• Black, Ian and Morris, Benny Israel's Secret Wars: A History of Israel's Intelligence Services (1991)
  • Bungert, Heike et al. eds. Secret Intelligence in the Twentieth Century (2003) essays by scholars
  • Kahn, David The Codebreakers: The Comprehensive History of Secret Communication from Ancient Times to the Internet (1996), 1200 pages
  • Lerner, K. Lee and Brenda Wilmoth Lerner, eds. Encyclopedia of Espionage, Intelligence and Security (2003), 1100 pages. 850 articles, strongest on technology
  • O'Toole, George. Honorable Treachery: A History of U.S. Intelligence, Espionage, Covert Action from the American Revolution to the CIA (1991)
  • Owen, David. Hidden Secrets: A Complete History of Espionage and the Technology Used to Support It (2002), popular
  • Richelson, Jeffery T. A Century of Spies: Intelligence in the Twentieth Century (1997)
  • Richelson, Jeffery T. The U.S. Intelligence Community (4th ed. 1999)
  • Shulsky, Abram N. and Schmitt, Gary J. "Silent Warfare: Understanding the World of Intelligence" (3rd ed. 2002), 285 pages
  • West, Nigel. MI6: British Secret Intelligence Service Operations 1909–1945 (1983)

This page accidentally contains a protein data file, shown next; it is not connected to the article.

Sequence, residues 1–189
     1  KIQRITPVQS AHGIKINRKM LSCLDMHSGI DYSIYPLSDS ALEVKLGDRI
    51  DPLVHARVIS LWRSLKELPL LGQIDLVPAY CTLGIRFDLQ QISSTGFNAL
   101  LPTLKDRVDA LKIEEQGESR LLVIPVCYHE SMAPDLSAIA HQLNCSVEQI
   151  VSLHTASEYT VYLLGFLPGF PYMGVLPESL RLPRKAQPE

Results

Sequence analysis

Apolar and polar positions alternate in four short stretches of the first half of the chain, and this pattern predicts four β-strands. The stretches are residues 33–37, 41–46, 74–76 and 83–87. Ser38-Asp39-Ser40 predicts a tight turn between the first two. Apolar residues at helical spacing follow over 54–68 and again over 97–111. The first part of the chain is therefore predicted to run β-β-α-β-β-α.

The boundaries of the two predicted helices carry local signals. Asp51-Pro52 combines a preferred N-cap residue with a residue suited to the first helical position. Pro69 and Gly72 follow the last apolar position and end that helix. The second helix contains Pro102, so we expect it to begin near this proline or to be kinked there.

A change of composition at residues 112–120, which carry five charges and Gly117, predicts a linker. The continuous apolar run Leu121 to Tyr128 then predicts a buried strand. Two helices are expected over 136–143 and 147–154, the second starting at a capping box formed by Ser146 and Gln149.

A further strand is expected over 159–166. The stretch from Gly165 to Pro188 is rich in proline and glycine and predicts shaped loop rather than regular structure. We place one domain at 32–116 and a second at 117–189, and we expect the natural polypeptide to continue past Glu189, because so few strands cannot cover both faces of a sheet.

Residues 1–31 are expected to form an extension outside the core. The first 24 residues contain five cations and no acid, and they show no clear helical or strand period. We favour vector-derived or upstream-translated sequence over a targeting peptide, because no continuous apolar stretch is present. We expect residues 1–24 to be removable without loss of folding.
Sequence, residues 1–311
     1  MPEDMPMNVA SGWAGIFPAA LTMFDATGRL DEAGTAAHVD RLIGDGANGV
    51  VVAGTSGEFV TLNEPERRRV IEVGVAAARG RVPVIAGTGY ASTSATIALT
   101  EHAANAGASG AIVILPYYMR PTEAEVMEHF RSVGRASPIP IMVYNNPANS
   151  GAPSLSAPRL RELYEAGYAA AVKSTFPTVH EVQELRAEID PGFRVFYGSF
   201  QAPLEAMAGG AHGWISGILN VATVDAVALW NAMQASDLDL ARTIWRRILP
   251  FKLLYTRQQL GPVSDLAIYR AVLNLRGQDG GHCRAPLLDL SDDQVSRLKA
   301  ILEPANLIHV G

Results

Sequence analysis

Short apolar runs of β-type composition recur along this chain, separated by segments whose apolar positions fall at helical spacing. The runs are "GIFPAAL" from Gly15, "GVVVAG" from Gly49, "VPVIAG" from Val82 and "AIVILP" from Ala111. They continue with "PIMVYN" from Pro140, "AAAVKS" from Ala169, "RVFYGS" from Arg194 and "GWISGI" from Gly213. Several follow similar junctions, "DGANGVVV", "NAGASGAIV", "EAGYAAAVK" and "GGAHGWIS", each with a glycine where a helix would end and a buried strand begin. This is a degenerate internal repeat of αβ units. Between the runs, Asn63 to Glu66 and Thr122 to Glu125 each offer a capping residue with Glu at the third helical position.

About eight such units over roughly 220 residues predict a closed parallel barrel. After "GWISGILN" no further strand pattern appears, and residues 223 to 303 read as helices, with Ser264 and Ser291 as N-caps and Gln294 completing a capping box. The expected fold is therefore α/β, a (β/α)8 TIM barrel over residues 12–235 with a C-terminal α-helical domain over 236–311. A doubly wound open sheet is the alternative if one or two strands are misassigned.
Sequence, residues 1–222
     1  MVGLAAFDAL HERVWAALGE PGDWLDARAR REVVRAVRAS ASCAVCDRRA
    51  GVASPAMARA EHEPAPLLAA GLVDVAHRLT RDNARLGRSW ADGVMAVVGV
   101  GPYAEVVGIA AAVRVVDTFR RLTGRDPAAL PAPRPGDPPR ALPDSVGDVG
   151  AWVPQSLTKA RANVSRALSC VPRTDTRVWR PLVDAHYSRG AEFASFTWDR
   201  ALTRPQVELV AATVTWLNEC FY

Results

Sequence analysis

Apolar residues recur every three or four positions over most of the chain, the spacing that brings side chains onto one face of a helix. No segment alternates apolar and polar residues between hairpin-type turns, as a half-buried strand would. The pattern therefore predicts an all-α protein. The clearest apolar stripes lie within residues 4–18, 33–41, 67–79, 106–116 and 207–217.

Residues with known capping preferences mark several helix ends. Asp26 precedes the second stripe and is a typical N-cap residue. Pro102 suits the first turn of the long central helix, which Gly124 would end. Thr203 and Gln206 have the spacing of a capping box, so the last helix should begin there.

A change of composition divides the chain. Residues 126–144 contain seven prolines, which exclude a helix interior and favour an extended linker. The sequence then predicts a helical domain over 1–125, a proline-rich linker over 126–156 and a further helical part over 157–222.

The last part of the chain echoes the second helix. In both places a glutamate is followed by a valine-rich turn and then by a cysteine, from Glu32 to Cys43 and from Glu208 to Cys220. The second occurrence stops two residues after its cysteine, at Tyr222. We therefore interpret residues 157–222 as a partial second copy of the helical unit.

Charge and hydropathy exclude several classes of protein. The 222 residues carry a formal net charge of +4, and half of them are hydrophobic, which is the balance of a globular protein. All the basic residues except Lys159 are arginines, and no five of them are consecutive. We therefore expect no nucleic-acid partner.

• West, Nigel. Secret War: The Story of SOE, Britain's Wartime Sabotage Organization (1992)
  • Wohlstetter, Roberta. Pearl Harbor: Warning and Decision (1962)

World War I

  • Beesly, Patrick. Room 40. (1982). Covers the breaking of German codes by RN intelligence, including the Turkish bribe, Zimmermann telegram, and failure at Jutland.
  • May, Ernest (ed.) Knowing One's Enemies: Intelligence Assessment before the Two World Wars (1984)
  • Tuchman, Barbara W. The Zimmermann Telegram (1966)

World War II: 1931–1945

  • Babington Smith, Constance. Air Spy: the Story of Photo Intelligence in World War II (1957)
  • Beesly, Patrick. Very Special Intelligence: the Story of the Admiralty's Operational Intelligence Centre, 1939–1945 (1977)
  • Hinsley, F. H. British Intelligence in the Second World War (1996) (abridged version of multivolume official history)
  • Jones, R. V. The Wizard War: British Scientific Intelligence 1939–1945 (1978)
  • Kahn, David. Hitler's Spies: German Military Intelligence in World War II (1978)
  • Kahn, David. Seizing the Enigma: the Race to Break the German U-Boat Codes, 1939–1943 (1991)
  • Kitson, Simon. The Hunt for Nazi Spies: Fighting Espionage in Vichy France, Chicago: University of Chicago Press, (2008). ISBN 978-0-226-43893-1
  • Lewin, Ronald. The American Magic: Codes, Ciphers and the Defeat of Japan (1982)
  • May, Ernest (ed.) Knowing One's Enemies: Intelligence Assessment before the Two World Wars (1984)
  • Smith, Richard Harris. OSS: the Secret History of America's First Central Intelligence Agency (2005)
  • Stanley, Roy M. World War II Photo Intelligence (1981)
  • Wark, Wesley K. The Ultimate Enemy: British Intelligence and Nazi Germany, 1933–1939 (1985)
  • Wark, Wesley K. "Cryptographic Innocence: the Origins of Signals Intelligence in Canada in the Second World War", in: Journal of Contemporary History 22 (1987)

Cold War Era: 1945–1991

External links